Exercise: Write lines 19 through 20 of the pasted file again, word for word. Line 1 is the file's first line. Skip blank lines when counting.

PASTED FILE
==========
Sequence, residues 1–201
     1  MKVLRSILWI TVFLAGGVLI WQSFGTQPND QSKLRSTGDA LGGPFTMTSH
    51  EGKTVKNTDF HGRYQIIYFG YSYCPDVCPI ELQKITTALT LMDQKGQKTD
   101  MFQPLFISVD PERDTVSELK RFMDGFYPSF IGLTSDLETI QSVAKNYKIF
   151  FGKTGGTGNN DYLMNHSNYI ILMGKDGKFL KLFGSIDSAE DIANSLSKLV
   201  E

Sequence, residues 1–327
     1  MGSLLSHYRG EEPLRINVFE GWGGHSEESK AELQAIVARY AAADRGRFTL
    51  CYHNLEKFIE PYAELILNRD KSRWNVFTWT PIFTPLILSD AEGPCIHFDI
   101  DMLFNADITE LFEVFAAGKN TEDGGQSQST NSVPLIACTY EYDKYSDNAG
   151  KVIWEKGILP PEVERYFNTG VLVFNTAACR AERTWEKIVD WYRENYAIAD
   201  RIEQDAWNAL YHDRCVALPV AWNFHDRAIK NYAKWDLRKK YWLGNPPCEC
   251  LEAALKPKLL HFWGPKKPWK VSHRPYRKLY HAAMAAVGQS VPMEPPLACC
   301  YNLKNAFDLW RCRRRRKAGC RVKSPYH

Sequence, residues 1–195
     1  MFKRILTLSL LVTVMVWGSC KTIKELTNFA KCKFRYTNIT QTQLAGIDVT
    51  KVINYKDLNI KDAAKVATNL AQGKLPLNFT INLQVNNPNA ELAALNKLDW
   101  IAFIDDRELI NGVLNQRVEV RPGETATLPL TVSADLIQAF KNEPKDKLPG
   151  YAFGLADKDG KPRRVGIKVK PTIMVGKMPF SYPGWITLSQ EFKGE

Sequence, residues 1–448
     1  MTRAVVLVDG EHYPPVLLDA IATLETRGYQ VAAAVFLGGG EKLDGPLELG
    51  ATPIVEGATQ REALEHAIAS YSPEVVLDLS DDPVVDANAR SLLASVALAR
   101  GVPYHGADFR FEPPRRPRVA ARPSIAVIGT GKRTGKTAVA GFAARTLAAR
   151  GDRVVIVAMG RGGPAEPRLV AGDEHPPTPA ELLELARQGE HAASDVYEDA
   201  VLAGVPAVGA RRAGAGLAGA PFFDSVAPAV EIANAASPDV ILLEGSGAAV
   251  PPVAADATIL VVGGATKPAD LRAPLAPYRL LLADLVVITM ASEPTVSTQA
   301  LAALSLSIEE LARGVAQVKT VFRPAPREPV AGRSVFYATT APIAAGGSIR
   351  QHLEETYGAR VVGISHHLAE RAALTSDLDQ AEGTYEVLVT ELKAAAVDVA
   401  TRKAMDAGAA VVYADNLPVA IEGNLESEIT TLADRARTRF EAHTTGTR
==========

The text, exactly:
   151  YAFGLADKDG KPRRVGIKVK PTIMVGKMPF SYPGWITLSQ EFKGE

Sequence, residues 1–448